Thanks for any insights

Jim

Have you changed the "lighting" in the room. My dad has Fluorscents installed in their den ceiling fan..........drive me nuts from the flicker (the have a DLP TV). They also have fluorscents in the home office room - cant' look at the Dell LCD monitor because of the strobing flicker - major headache.

Just putting in regular old light bulbs solved both problems.

Also, when some bulbs go bad (could last a few months before they go out), they can start strobing.
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post #11 of 40 Old 10-22-2008, 10:55 AM
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Another funny thing about TV flicker.

We had a high priced 2008 Samsung LCD that filickered badly under odrinary lights, none of us in the family could stand to watch it - a plasma 800U replaced that set with no problem.

We also have a 10 year old Dell UltraSharp 19" LCD on the computer and their is zero flicker on it. This 10 year old monitor produced a much better picture than the newer expensive LCD TV (it went back - gave up on it)
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post #12 of 40 Old 10-22-2008, 06:41 PM - Thread Starter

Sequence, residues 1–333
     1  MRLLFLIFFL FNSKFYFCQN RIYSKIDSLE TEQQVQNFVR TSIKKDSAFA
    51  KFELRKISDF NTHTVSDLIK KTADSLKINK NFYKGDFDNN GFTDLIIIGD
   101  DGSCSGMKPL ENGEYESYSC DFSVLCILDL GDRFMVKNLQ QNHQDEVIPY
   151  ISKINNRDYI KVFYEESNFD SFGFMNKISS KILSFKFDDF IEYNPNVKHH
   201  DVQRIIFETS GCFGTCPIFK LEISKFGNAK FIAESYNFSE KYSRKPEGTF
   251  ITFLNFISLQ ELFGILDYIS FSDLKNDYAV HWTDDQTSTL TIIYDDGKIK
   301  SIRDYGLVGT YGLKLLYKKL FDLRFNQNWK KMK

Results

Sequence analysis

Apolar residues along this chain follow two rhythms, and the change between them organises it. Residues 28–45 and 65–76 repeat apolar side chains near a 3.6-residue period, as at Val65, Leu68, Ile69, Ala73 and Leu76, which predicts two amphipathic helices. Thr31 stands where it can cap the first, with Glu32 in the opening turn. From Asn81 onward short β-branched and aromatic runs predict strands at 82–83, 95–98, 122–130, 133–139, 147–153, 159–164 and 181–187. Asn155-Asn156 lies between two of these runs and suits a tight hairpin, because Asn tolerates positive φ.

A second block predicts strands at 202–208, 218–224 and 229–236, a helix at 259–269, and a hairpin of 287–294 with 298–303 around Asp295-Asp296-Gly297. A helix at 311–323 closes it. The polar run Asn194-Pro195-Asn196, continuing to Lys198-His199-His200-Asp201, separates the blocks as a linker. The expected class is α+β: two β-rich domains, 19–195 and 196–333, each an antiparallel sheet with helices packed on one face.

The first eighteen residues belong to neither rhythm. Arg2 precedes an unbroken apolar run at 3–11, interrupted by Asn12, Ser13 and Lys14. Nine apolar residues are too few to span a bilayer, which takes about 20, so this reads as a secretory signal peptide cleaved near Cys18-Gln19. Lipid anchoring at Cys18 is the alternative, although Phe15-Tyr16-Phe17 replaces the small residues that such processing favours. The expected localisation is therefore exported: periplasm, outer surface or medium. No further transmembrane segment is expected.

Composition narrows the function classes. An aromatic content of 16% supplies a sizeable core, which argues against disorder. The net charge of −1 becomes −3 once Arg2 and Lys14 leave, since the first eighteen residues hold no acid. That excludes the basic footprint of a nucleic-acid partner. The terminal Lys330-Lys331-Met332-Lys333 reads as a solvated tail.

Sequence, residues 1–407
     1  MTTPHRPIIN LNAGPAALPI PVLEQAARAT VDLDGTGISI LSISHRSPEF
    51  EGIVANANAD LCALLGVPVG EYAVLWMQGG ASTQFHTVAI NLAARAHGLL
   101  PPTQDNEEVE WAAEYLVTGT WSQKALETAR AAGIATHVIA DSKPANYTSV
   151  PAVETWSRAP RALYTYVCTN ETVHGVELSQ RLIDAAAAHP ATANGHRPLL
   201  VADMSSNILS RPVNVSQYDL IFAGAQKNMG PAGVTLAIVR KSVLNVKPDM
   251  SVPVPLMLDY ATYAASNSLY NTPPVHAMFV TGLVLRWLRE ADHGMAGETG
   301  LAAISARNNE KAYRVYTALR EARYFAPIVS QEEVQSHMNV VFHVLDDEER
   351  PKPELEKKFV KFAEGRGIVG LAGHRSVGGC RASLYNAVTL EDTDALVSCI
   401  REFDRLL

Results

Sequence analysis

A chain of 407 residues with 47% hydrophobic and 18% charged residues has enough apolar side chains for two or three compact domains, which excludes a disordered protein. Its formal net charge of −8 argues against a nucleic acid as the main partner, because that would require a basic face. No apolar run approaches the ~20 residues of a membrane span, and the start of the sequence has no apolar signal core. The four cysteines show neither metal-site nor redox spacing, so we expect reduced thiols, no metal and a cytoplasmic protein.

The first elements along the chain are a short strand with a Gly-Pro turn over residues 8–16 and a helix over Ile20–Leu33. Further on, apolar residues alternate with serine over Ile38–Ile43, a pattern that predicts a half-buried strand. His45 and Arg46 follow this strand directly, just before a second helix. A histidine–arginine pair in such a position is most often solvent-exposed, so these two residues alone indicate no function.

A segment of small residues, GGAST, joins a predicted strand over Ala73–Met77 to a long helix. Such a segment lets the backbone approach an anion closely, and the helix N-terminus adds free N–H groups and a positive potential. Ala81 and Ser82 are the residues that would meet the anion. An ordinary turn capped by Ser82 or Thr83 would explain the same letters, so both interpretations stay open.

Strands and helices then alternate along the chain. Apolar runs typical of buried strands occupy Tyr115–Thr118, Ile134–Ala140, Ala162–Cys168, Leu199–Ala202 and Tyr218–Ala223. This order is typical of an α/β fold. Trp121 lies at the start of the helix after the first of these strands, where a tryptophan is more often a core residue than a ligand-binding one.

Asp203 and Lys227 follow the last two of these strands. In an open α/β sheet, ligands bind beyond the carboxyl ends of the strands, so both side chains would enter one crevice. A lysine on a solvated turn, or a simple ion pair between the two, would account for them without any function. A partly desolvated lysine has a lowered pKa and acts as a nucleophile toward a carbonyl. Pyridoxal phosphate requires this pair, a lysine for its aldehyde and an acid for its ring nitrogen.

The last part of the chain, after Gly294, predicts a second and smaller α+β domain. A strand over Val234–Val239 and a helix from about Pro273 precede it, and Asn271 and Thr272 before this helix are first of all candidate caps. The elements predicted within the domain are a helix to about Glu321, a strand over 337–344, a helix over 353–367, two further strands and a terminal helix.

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Thanks for all the suggestions guys. I actually did make a appointment with my regular MD before I go to the eye specialist. My regular eye doctor can't find anything wrong with my eyes so I thought I might try my regular MD just to rule some things out.

Just to answer a few of your questions.

We haven't changed anything in the room. Same lighting we've always had. I bought a plamsa set mainly because I wanted to avoid some of the LCD drawbacks (motion blur and brightness) and liked the overall look of them better.


I thought about the distance I am from the set and FOV. I really wanted a 58" set when I bought last April but they were not out yet and I had a CC return credit from a broken TV I had to use by a certain date so I thought I could live with a 50" set.

Just a side note I bought the Plamsa set in April and didn't really start having these symptons till the first part of July. It would almost seem if the TV was causing issues I would have seen them sooner. I know (or think I do) something else is causing the actual problem but I wondered if the actual type of TV was making the issue worse.